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Case report

Asymptomatic gastric heterotopia in the rectum with Helicobacter pylori infection

Jarosław Swatek
,
Lech Wronecki
,
Roman Ciechanek
,
Justyna Szumiło

Pol J Pathol 2015; 66 (4): 426-429
Online publish date: 2016/02/05
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- Asymptomatic Swatek.pdf  [0.30 MB]
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Introduction

Gastric heterotopia is defined as the presence of gastric oxyntic mucosa outside of the stomach and is generally regarded as a congenital malformation [1, 2, 3]. It should be distinguished from the gastric-type surface and foveolar epithelium and/or non-specialized antral-type mucosa that may occur in various parts of the digestive system in the course of various chronic inflammatory conditions, e.g. inflammatory bowel disease, duodenal peptic ulcer disease or chronic cholecystitis. These findings represent an acquired, reactive, adaptive change in the direction of cellular differentiation and therefore are regarded as metaplastic lesions [1, 2, 3]. The exception is Barrett esophagus, in which the presence of oxyntic mucosa is nowadays not interpreted as heterotopia, but as an example of metaplasia.
Gastric heterotopia is most common in the upper esophagus, duodenum and Meckel diverticulum, but can be found in all portions of the digestive tract. It is relatively often observed within intestinal duplications [1, 4, 5]. The location in the rectum is one of the rarest ones [2, 3, 6, 7, 8]. To our knowledge, only in six cases has the presence of Helicobacter pylori been revealed in heterotopic mucosa [1, 2, 6, 9, 10, 11]. Gastric heterotopia in the rectum typically presents with painless bleeding [2, 7, 8, 9, 12]. Endoscopic examination most commonly reveals a single, small, sessile polyp [6, 7, 9].
A rare case of asymptomatic gastric heterotopia in the rectum with the presence of Helicobacter pylori confirmed by immunohistochemical staining is reported.

Case description

In a 58-year-old asymptomatic woman three polyps were excised during colonoscopy within the screening program for colorectal cancer. In microscopic examination, two of them, excised from the sigmoid colon, proved to be tubular adenomas: one 1.2 cm in diameter, with severe dysplasia, and the other one 0.4 cm in diameter, with mild dysplasia. The third polyp, sessile, measuring 0.6 × 0.5 × 0.4 cm (Fig. 1A), located in the distal rectum about 2 cm above the dentate line, was composed of gastric oxyntic mucosa and contained moderate mononuclear inflammatory infiltrate with some dense aggregates of lymphocytes and with a neutrophilic component (moderate activity) (Fig. 1B, C, D). Because such a picture found in the stomach would suggest H. pylori infection, Warthin-Starry staining was performed, and it highlighted the presence of numerous bacteria in a typical distribution on the epithelial surface (Fig. 2A). The bacteria were identified as H. pylori by immunohistochemistry (Fig. 2B), using a primary polyclonal rabbit antibody (DAKO, Denmark) in a 1 : 50 dilution, with EnVision+ System-HRP (DAB). Gastroscopy was not performed.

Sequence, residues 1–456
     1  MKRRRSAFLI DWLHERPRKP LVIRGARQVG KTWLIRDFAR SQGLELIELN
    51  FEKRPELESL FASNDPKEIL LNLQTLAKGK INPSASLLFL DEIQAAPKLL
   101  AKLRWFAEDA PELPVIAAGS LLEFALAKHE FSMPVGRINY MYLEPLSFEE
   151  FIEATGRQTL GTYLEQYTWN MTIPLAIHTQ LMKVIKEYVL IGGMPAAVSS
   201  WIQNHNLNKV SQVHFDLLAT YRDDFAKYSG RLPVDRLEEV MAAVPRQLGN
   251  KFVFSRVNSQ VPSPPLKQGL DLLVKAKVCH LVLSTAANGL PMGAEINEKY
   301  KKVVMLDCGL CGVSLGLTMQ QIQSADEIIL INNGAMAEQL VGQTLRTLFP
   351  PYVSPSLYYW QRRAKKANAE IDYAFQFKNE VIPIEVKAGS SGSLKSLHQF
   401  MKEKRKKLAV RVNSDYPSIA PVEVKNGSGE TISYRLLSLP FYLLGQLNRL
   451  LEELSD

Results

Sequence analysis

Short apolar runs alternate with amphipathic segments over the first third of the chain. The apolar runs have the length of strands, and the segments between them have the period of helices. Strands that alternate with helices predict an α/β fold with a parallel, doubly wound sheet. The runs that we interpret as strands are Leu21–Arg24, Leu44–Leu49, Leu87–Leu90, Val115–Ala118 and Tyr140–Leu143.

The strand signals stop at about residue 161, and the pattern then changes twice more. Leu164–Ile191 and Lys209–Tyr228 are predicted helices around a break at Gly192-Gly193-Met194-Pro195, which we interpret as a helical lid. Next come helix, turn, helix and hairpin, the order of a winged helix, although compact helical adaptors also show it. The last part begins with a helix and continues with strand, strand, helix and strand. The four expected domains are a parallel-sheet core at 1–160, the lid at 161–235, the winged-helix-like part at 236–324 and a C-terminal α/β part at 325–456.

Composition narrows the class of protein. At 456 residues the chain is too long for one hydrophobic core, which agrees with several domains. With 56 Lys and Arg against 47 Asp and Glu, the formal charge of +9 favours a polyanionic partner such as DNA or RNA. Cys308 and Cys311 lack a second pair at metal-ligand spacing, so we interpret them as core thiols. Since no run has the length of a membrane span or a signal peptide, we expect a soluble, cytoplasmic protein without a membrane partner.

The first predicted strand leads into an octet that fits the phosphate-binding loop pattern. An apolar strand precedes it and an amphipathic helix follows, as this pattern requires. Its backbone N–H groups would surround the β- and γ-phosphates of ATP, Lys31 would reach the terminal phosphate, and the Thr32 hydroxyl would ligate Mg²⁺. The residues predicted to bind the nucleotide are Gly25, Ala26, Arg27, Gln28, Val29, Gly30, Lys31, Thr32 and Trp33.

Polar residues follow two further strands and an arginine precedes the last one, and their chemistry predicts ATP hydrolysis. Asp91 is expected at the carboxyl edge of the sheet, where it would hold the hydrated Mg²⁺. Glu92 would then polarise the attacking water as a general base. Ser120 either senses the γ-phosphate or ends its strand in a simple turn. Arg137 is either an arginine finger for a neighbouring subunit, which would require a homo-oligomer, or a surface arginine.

Discussion

Gastric heterotopia is not an uncommon finding in the proximal part of the digestive tract, especially in the upper esophagus, duodenum and Meckel diverticulum, but is very rare in the segments that are derived from the embryonal hindgut, including the rectum [9]. Since the first report by Ewell and Jackson in 1939 [13], less than 50 cases of gastric heterotopia in the rectum have been reported [2, 3, 6, 7, 8]. To the best of our knowledge, only in six of them has H. pylori been observed [1, 2, 6, 9, 10, 11] and in only one case has the presence of H. pylori been confirmed by immunohistochemistry [10].
In contrast to pyloric metaplasia, gastric heterotopia, composed of oxyntic-type mucosa with glands containing parietal and chief cells, is generally believed to be a developmental anomaly, not associated with chronic inflammatory conditions [1, 2, 3], but its exact origin remains unknown and its congenital nature is sometimes questioned. According to one theory, gastric heterotopia may result from the failure of descent of the embryonal foregut. Other authors postulate a developmental error of differentiation of the pluripotent endodermal cells lining the whole primary embryonal intestinal tube [2, 3, 6, 9, 14]. This may explain the occurrence of gastric heterotopia in sites distal to the foregut derivatives. More recent studies on Cdx2 mutant mice suggest that any pattern of gastric differentiation (including fundic and pyloric) may occur in the colon as a result of deregulation/inactivation of the homeobox genes, triggered by local factors [15]. According to this idea, gastric heterotopia may be an acquired lesion as well, not necessarily congenital.